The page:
iv) Drainage interconnections to localities and other entities with either old or legacy infrastructure or differing design criteria has caused challenges in designing and providing for adequately sized drainage infrastructure; and
v) Funding availability and mechanisms, and corresponding dedicated administration resources, to repair and/or upgrade existing infrastructure is very limited and has resulted in a diminished ability to appropriately address many, if not all, of the causes of recurrent flooding infrastructure.
The compounding effects of these factors have been identified in this Study as the causes and issues that may lead to the experienced recurrent flooding in PD8.
VDOT recognizes that the causes of recurrent flooding in PD8 are partially due to historical causes, issues related to development over time at the local level, as well as the broader issue of climate change influence that is currently being evaluated by the Commonwealth, statewide and among various state agencies and stakeholders. Through VDOT’s active involvement in this and other studies related to climate change and resiliency, VDOT offers the following recommendations:
1. Support Key Statewide & Regional Studies: Continue to support the update of the authoritative National Oceanic and Atmospheric Administration’s (NOAA) Atlas 14 rainfall records, which are presently current through approximately 2004, to include more recent historical records for the region. At the same time, continue active development, participation, and funding of key regional and statewide studies, such as the statewide expansion of the precipitation study, to estimate future projected rainfall patterns that incorporate climate change influences. Identify data gaps and initiate applied research to provide information that can be used directly by engineers and designers, such as future projected streamflow estimates for very large drainage systems, and adaptive design standards that can be utilized in future at-risk projects.
2. Participation and Coordination with Major Commonwealth Efforts: Actively participate and align efforts and policies with statewide efforts including the Virginia Coastal Resilience Master Planning Framework and the Virginia Coastal Resilience Master Plan, and findings from the recently concluded study arising from the Joint Commission on Science and Technology (JCOTS), The Impact of Climate Change on Virginia’s Coastal Areas, among others.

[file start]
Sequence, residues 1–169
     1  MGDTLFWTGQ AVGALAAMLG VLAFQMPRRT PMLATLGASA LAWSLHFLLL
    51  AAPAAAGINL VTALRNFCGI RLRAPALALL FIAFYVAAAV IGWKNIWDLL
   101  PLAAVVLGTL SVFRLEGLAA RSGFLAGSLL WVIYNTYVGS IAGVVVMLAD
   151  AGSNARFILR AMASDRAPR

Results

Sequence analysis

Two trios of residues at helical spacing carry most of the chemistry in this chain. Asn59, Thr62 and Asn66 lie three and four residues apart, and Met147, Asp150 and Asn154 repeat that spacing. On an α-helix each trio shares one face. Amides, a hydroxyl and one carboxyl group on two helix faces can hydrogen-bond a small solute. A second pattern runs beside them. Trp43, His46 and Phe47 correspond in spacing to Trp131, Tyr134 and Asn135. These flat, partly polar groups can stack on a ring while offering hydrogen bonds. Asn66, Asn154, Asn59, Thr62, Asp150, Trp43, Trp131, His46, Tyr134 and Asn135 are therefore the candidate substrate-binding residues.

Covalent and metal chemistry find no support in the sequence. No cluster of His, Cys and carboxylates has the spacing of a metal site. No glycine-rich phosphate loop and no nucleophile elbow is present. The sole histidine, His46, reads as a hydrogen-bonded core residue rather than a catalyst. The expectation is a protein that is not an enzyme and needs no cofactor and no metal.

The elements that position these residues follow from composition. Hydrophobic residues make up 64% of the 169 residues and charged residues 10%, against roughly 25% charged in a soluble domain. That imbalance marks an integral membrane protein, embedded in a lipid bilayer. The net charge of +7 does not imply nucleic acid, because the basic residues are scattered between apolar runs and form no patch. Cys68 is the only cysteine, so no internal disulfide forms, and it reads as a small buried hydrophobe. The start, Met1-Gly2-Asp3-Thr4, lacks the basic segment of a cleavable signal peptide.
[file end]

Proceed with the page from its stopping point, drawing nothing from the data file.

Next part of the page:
3. Continual Improvement and Coordination of Datasets and Tools: Collaborate with other entities to continually improve, update, and expand existing datasets and tools, or create new ones where needed, related to recurrent flooding to better inform and understand causes and issues related to existing infrastructure as well as aiding in the identification of future potential at-risk infrastructure, both for existing and new, and the evaluation of potential solutions.
4. Continual Assessment of Transportation Network: Continue to conduct further assessments with other partners to evaluate the implications and effects of recurrent flooding, climate change, and resiliency with a focus on transportation infrastructure and to evaluate options that will enhance VDOT’s ability to mitigate, prepare and respond to these issues.
5. Enhanced Collaboration and Partnership between State and Localities: Continue and enhance collaboration and partnership between state and localities in identifying infrastructure subject to recurrent flooding, evaluating potential causes, and aid in identifying and implementing solutions to alleviate the problem.
6. Funding of Flood-Related Projects: It is currently premature to make specific funding recommendations, but it is clear that funding will need to be identified for several key activities necessary in the development of a program and strategies to address recurrent flooding and resiliency for transportation infrastructure. Those activities include but are not necessarily limited to: (i) studies; (ii) infrastructure improvement; (iii) tools and technology for flood prone areas; and (iv) capacity building. Sources of funding for these activities will need to be identified for state and local projects and could include both federal and state funds.